GC11-solidearth-28, updated on 09 Jan 2024
Galileo Conference: Solid Earth and Geohazards in the Exascale Era
© Author(s) 2024. This work is distributed under
the Creative Commons Attribution 4.0 License.

Optimal source selection for local probabilistic tsunami hazard analysis

Alice Abbate1,2, Manuela Volpe1, Fabrizio Romano1, Roberto Tonini1, Gareth Davies3, Roberto Basili1, and Stefano Lorito1
Alice Abbate et al.
  • 1Istituto Nazionale di Geofisica e Vulcanologia, Italy (alice.abbate@ingv.it)
  • 2Department of Mathematics and Geosciences, University of Trieste, Italy
  • 3Place, Space and Communities Division, Geoscience Australia, Australia

Local hazard models for evacuation planning should accurately describe the probability of exceeding a certain intensity (e.g. flow depth, current velocity, etc.) over a period of years. 

Computational-based probabilistic forecasting for earthquake-generated tsunamis deals with tens of thousands to millions of scenarios to be simulated over very large domains and with sufficient spatial resolution of the bathymetry model. The associated high computational cost can be tackled by means of  workflows that take advantage of HPC facilities and numerical models specifically designed for multi-GPU architectures.  

For the sake of feasibility, Seismic Probabilistic Tsunami Hazard Assessment (S-PTHA) at local scale exploits some approximations in both source and tsunami modeling, but  uncertainty  quantification is still lacking in the estimates. Here, we propose a possible approach to reduce the computational cost of local-scale S-PTHA, while providing uncertainty quantification.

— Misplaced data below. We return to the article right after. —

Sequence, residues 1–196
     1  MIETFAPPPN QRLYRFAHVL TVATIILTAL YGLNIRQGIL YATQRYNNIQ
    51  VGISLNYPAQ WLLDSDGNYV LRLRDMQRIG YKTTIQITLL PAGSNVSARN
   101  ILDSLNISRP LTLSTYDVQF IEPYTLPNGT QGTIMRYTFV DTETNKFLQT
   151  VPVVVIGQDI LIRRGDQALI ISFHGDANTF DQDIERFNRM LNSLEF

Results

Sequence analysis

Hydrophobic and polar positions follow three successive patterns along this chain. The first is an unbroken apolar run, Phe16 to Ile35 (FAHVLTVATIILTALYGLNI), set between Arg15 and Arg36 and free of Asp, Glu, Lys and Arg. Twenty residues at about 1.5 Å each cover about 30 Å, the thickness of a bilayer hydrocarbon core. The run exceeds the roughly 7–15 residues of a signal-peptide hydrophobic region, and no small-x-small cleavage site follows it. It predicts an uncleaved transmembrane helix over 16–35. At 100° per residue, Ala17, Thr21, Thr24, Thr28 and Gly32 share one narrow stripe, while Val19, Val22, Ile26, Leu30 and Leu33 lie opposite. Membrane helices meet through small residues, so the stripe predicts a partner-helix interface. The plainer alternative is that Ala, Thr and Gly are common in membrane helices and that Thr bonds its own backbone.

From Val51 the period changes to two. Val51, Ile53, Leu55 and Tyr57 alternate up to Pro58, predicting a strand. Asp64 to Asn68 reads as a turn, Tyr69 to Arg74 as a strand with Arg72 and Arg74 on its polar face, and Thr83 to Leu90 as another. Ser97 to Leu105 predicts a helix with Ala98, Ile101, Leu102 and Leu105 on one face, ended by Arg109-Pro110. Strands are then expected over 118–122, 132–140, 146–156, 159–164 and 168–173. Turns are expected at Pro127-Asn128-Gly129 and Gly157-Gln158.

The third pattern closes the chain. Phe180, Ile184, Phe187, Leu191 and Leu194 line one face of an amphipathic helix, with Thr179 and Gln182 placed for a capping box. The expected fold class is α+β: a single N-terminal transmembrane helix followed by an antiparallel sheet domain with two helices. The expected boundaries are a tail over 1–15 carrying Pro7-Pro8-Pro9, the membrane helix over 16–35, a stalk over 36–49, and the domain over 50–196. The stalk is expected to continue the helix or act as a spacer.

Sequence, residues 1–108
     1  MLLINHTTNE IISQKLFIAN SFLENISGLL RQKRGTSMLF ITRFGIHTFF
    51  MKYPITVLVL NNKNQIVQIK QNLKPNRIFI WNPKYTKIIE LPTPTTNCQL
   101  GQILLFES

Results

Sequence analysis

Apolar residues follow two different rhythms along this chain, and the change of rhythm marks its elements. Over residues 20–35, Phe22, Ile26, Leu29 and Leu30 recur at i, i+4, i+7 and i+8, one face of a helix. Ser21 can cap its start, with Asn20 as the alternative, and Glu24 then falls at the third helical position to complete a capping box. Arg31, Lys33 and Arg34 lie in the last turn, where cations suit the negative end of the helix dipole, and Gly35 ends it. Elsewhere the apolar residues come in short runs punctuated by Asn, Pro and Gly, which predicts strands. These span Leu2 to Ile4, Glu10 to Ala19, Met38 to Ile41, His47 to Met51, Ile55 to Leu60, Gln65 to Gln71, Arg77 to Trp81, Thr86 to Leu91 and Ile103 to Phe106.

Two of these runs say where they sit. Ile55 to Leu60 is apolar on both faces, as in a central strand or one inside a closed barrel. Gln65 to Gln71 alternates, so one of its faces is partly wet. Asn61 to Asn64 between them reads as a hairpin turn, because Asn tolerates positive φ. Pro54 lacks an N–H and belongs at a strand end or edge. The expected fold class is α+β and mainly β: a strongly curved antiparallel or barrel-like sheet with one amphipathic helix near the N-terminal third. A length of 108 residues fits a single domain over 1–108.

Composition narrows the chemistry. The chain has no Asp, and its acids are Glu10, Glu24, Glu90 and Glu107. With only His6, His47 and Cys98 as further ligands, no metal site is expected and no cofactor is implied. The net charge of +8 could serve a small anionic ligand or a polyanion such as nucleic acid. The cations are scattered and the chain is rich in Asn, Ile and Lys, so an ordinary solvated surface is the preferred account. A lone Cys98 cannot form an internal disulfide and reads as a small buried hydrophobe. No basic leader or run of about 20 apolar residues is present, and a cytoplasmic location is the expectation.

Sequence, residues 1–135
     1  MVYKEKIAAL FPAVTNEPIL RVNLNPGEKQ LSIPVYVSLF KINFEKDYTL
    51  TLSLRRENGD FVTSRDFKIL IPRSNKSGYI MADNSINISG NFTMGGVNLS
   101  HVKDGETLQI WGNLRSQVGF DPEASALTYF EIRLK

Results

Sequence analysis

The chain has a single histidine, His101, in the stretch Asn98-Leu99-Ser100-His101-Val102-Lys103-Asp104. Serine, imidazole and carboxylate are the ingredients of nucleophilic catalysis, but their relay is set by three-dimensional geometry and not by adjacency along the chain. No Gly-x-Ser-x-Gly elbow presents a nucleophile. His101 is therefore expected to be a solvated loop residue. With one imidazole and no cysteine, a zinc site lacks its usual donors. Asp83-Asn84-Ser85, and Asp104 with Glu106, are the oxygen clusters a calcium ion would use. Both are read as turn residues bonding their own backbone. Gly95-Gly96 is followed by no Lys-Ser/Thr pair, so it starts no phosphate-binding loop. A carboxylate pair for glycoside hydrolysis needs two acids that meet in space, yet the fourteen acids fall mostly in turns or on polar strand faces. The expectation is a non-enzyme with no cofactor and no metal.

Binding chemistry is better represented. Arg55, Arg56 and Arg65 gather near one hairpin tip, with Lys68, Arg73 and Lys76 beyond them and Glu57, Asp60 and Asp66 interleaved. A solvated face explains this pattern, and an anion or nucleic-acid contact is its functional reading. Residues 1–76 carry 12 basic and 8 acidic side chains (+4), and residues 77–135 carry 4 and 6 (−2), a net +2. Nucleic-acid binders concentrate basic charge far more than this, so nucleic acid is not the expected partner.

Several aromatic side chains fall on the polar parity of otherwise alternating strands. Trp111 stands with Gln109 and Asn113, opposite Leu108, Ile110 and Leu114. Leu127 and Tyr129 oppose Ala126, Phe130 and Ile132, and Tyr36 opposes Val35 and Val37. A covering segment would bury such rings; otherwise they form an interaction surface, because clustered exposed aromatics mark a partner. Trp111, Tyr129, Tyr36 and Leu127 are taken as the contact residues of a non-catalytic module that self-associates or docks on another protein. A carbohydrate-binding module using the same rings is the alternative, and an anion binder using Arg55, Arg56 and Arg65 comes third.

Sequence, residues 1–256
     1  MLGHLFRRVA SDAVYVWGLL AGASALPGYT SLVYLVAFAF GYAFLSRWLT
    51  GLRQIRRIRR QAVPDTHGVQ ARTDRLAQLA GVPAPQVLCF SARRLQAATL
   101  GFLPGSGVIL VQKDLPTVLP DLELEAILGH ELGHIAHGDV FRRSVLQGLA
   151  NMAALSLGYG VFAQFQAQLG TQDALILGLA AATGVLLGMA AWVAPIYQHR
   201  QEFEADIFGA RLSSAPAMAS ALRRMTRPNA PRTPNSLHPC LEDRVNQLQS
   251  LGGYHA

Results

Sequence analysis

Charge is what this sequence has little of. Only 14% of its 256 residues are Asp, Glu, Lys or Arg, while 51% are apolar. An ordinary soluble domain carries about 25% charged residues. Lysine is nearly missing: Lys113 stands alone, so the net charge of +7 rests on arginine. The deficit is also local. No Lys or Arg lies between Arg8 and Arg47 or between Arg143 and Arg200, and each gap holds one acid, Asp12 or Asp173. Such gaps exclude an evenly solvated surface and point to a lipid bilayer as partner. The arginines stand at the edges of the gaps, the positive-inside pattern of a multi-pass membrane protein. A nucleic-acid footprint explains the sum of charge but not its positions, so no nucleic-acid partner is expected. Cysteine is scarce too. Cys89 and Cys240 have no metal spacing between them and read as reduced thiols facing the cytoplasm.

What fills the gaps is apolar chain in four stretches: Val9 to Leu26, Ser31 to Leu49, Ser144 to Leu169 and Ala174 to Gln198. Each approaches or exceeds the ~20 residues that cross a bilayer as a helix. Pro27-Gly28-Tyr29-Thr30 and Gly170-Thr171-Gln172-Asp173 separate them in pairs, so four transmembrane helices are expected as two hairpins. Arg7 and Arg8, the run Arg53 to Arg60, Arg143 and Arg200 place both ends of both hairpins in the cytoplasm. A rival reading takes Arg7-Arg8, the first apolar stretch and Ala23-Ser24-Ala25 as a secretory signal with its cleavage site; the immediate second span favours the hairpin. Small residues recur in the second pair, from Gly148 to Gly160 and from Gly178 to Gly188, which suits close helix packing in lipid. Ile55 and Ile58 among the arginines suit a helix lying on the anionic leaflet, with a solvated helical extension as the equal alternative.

The algorithm performs an  efficient selection of  scenarios  based on the tsunami impact on a site. 

The workflow is thought to take advantage of parallel execution on HPC clusters. Hence, as a first step, the whole ensemble of scenarios is split into a finite number of regions defined by the tectonic regionalization;  then the procedure selects the scenarios mainly contributing to the hazard at an offshore point (in front of the target site) and for specific intensity  levels. Finally, for each intensity level, the totality of synthetic tsunamigenic earthquakes is optimally sampled with replacement in a Monte Carlo Importance Sampling scheme. 

The tsunamis potentially triggered by the selected scenarios are explicitly simulated with the GPU-based Tsunami-HySEA nonlinear shallow water code on high spatial resolution grids (up to 10 m) and subsequently the Monte Carlo errors are finally propagated to the onshore estimates. 

This procedure allows for lessening the computational cost of local S-PTHA by reducing the number of simulations to be conducted while quantifying the epistemic uncertainties associated with the inundation modeling without appreciable losses of information content.

How to cite: Abbate, A., Volpe, M., Romano, F., Tonini, R., Davies, G., Basili, R., and Lorito, S.: Optimal source selection for local probabilistic tsunami hazard analysis, Galileo Conference: Solid Earth and Geohazards in the Exascale Era, Barcelona, Spain, 23–26 May 2023, GC11-solidearth-28, https://doi.org/10.5194/egusphere-gc11-solidearth-28, 2023.